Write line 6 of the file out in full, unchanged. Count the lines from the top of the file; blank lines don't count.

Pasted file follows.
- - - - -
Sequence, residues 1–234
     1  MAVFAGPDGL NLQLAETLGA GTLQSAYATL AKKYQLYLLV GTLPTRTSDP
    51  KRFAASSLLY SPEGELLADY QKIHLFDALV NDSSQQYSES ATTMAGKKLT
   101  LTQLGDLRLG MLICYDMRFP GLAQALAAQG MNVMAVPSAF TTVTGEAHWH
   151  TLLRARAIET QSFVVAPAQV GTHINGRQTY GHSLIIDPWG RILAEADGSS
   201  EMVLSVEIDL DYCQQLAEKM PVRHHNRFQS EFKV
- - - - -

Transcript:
   201  EMVLSVEIDL DYCQQLAEKM PVRHHNRFQS EFKV